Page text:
Remap Enter to Control in GNU/Linux (2020 Edition)
Note: Check out my original article from 2013 about the rationale behind this remapping.
Recently I’ve switched back from macOS to GNU/Linux, as my primary development
environment, and I found out that my old article on remapping
Control was no longer the optimal way to achieve this (e.g. -
operates at the X level, which means it doesn’t work with Wayland or without a
GUI). It took me a bit of digging, but eventually I found
(a plugin for the interception
framework), which does exactly
what I needed and it does it splendidly.
Unfortunately, the tool is not packaged for most GNU/Linux distros1, but setting it up from source is not that complex. In this article I’ll share instructions that are specific to Ubuntu, but they should be easy to modify for other Linux distros.
Let’s kick it off by downloading and installing the
interception framework and
# install build deps $ sudo apt install libudev-dev libyaml-cpp-dev libevdev-dev cmake # create a folder where to clone the source code $ mkdir src && cd src # clone the necessary code $ git clone https://gitlab.com/interception/linux/tools $ git clone https://gitlab.com/interception/linux/plugins/dual-function-keys # build and install the interception framework $ cd tools $ mkdir build $ cd build $ cmake .. $ make $ sudo make install $ cd ../.. # build the dual-function-keys plugin $ cd dual-functions-keys $ make && sudo make install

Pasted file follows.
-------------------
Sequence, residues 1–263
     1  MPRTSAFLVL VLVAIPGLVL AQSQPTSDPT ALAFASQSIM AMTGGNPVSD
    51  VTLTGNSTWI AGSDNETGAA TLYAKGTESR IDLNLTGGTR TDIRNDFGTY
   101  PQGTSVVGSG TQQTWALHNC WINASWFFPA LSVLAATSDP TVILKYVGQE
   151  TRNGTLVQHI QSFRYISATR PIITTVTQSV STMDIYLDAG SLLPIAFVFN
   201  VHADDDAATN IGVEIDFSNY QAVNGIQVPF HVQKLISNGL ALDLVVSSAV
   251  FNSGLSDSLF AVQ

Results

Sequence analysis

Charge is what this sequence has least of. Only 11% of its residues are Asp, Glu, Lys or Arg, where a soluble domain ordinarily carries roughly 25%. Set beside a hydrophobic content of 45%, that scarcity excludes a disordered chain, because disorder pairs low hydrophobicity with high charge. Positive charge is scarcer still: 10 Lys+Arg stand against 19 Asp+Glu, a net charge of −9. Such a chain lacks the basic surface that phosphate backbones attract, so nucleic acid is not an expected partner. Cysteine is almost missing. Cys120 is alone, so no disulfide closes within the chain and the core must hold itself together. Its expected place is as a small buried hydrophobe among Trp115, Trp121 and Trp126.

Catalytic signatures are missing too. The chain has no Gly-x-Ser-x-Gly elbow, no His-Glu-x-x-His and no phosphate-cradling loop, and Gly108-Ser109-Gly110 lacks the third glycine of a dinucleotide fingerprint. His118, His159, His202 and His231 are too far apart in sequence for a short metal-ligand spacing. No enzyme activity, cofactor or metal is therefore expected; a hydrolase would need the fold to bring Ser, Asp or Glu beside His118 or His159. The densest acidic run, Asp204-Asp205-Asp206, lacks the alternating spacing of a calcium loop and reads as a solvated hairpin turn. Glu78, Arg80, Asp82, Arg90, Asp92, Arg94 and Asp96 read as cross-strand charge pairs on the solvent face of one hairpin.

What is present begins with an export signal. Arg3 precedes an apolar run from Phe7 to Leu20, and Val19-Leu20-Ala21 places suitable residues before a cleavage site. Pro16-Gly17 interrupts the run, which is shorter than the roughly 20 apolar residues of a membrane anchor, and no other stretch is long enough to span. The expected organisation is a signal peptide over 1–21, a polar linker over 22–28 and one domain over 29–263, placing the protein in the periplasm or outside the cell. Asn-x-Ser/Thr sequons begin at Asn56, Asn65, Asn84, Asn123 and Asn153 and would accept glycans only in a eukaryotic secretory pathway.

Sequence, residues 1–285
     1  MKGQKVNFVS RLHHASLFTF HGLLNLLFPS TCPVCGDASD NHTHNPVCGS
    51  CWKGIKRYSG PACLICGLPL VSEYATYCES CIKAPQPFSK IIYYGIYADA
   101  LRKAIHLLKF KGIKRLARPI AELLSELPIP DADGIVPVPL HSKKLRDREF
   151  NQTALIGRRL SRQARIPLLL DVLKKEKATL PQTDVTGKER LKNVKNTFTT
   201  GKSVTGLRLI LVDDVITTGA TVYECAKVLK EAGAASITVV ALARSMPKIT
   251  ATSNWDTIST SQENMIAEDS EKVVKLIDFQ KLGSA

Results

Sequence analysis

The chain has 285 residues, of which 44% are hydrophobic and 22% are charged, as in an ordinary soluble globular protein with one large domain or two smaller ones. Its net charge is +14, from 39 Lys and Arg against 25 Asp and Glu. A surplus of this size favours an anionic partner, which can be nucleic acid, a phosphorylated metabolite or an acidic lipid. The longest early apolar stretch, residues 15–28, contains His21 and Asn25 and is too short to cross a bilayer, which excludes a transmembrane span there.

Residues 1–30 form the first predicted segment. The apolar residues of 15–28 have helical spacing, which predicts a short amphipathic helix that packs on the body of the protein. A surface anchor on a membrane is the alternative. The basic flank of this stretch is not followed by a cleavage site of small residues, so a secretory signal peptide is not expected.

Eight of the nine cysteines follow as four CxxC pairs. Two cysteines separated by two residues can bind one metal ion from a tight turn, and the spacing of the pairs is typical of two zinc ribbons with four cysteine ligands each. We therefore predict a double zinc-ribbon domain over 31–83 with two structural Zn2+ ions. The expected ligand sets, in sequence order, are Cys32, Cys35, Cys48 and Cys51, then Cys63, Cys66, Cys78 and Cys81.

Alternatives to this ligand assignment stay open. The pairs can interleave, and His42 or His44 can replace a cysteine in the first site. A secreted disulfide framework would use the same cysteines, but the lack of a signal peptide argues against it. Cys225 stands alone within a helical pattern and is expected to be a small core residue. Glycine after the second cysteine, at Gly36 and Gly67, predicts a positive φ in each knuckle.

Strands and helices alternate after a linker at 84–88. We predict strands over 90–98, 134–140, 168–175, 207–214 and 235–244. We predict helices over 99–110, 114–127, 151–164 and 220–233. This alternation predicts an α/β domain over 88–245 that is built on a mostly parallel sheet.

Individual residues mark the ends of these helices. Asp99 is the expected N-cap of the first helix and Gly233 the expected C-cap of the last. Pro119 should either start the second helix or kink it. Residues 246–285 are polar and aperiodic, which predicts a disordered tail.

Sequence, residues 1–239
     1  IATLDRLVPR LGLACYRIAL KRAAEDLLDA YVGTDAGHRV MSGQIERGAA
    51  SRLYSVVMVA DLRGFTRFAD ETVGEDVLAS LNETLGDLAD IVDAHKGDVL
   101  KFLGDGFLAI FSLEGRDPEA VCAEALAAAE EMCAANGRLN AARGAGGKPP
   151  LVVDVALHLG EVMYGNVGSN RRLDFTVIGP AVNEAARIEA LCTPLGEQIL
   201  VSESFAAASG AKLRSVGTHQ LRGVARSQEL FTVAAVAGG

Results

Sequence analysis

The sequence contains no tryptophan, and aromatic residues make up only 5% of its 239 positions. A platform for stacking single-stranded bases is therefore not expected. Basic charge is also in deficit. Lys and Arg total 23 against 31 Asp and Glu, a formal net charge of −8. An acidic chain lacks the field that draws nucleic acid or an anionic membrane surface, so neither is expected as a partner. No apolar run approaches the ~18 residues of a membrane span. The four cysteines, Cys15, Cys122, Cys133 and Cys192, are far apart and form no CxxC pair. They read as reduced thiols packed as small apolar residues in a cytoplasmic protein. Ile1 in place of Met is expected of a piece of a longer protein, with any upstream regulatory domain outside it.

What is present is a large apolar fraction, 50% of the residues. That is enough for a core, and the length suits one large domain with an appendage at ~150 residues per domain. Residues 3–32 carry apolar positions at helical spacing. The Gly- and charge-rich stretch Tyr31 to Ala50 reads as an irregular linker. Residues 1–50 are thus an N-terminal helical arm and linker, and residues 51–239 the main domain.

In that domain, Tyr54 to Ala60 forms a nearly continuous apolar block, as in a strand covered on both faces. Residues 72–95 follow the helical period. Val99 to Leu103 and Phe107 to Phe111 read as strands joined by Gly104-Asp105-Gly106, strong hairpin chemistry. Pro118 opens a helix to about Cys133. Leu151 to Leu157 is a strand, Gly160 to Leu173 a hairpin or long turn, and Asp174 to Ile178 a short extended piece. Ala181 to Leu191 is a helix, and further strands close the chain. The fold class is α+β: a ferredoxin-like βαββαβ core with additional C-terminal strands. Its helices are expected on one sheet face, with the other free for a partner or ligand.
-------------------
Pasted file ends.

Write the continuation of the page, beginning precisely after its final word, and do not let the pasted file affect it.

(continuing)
That wasn’t so hard, right? Now we have to create a couple of configuration files and we’re ready for action. The first one is
.dual-function-keys.yaml (normally placed in your home folder):
# /home/username/.dual-function-keys.yaml TIMING: TAP_MILLISEC: 200 DOUBLE_TAP_MILLISEC: 150 MAPPINGS: - KEY: KEY_ENTER TAP: KEY_ENTER HOLD: KEY_RIGHTCTRL
That’s the main config for
dual-function-keys, where we’re specifying the duration of a tap and double tap and our remapping rules. In our case there’s a single rule -
Enter acts as
Enter on tap (when pressed briefly) and as (right)
Control when held down longer.
Then we need to create
/etc/udevmon.yaml (you’ll need
sudo for this):
# /etc/udevmon.yaml - JOB: "intercept -g $DEVNODE | dual-function-keys -c /home/bozhidar/.dual-function-keys.yaml | uinput -d $DEVNODE" DEVICE: EVENTS: EV_KEY: [KEY_ENTER]
Note: Update the path the
Finally we need to create a
systemd service definition file for
udevmon and start the new service:
# /etc/systemd/system/udevmon.service [Unit] Description=udevmon Wants=systemd-udev-settle.service After=systemd-udev-settle.service [Service] ExecStart=/usr/bin/nice -n -20 /usr/local/bin/udevmon -c /etc/udevmon.yaml [Install] WantedBy=multi-user.target
Now we simply have to enable the
udevmon service our remapping will kick in:
$ sudo systemctl enable --now udevmon
That’s all! Now you can start enjoying your beloved productivity boost!
You can achieve a lot more with
dual-function-keys, so I’d advice you to explore the
tool further. Keep hacking!
Another option I considered was xkeysnail, which seemed a bit simpler to setup, as it’s written in Python, and even has an example config geared towards Emacs users. You might want to check it out.
If someone’s using another approach to achieve the same result I’d love to hear about it!
Seems currently it’s only packaged for Arch Linux and family (e.g. Manjaro). ↩